As a graduate student, Wilmking mapped the forests in Denali National Park and Gates of the Arctic National Park and Preserve. He examined why some trees respond positively to warming and some don’t.
Wilmking credited Professor Glenn Juday with helping him achieve his goals. The two continue their collaboration to this day and Wilmking serves as an adjunct professor for SNRAS. His dissertation was “The Treeline Ecotone in Interior Alaska – From theoretical concept to planning application and the science in between.”
Wilmking and Juday learned how to reconstruct past climates by studying tree rings.
Wilmking has been published in 70 scientific publications and secured $5.3 million (U.S. dollars) in research funds. He is a reviewer for many publications, including Science, Nature Climate Change, Arctic, New Phytologist and Annals of Forest Science.
He and his wife Gabriela Antunez de Mayolo Wilmking have three children.
|Interesting facts about Wilmking:
Honors and Awards:
The SNRAS website has a fresh new look. Designed by UAF Marketing and Communications, the site is the first on campus to completely mesh with the new UAF brand.
A team of SNRAS staffers tackled the project in January and has worked closely with Marketing and Communications web developer Jenn Baker throughout the process. Baker is seeking input from the public about the new website.
A team of SNRAS staffers tackled the project in January and has worked closely with Marketing and Communications web developer Jenn Baker throughout the process. Baker is seeking input from the public about the new website.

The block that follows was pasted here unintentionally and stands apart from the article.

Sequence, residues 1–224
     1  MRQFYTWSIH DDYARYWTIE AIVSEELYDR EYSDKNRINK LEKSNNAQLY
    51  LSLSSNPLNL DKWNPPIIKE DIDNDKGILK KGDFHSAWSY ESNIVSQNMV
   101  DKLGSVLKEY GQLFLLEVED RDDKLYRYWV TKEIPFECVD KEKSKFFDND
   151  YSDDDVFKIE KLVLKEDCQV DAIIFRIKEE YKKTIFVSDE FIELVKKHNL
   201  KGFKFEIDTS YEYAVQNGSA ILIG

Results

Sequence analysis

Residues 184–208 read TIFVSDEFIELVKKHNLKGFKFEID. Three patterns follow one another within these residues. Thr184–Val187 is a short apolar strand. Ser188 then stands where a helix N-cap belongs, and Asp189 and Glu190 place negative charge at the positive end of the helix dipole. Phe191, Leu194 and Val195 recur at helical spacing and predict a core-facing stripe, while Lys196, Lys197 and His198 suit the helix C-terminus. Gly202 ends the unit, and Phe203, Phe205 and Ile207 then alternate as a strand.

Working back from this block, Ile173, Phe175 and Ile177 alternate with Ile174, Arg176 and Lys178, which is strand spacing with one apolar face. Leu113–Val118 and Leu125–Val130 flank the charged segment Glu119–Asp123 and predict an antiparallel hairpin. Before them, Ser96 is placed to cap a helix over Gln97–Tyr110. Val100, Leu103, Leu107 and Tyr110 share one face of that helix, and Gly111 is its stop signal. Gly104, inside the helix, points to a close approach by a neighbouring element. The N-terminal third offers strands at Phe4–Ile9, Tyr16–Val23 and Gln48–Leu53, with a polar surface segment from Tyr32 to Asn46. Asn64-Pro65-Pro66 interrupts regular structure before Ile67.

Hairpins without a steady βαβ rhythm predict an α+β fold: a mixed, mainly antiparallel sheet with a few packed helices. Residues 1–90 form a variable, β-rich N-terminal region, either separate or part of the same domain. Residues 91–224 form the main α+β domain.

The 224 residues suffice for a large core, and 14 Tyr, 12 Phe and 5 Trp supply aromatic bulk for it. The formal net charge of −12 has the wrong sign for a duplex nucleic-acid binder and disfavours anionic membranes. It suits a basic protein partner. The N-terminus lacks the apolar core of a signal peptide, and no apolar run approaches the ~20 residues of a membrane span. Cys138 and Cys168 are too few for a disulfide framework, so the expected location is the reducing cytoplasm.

Tuesday, September 10, 2013
|Randy Smith Middle School teacher Chris Pastro works with a student on the art side of a OneTree project.|
The SNRAS course, NRM 497/697, is part of OneTree Alaska, a program that provides elementary students with positive experiences of science and nature. Through active learning and inquiry investigation, students explore plant anatomy and physiology, the scientific process and the annual events in a birch tree's growth. A student can earn one to three credits for this course.
Classes meet two Saturdays a month from 9 to 11 a.m. and will alternate between hands-on workshops with teachers and service learners incorporating activities that demonstrate pre-selected themes and discussion groups. Students will spend one to two hours per week in the classroom facilitating lessons and will receive evaluations from the teachers.
The first class is Sept. 14 from 9 to 11 a.m. in Arctic Health Research Building 183. Contact Janice Dawe at 388-1772 by Sept. 12 to discuss participation.
The Resilience and Adaptation Program will host a public presentation and discussion on Wednesday, Sept. 18, from 6-9 p.m. at the Morris Thompson Cultural and Visitors Center Theater in Fairbanks.
Notable North American ethnoecologist, Dr. Nancy Turner will discuss the importance of ecological diversity in Native American resource use and management.
Contact Todd Brinkman at 474-7139.
Monday, September 9, 2013
|From left, Jenifer McBeath, John Fox, Steven Beasley, Joshua Greenberg at a lecture given by Beasley at UAF this summer.|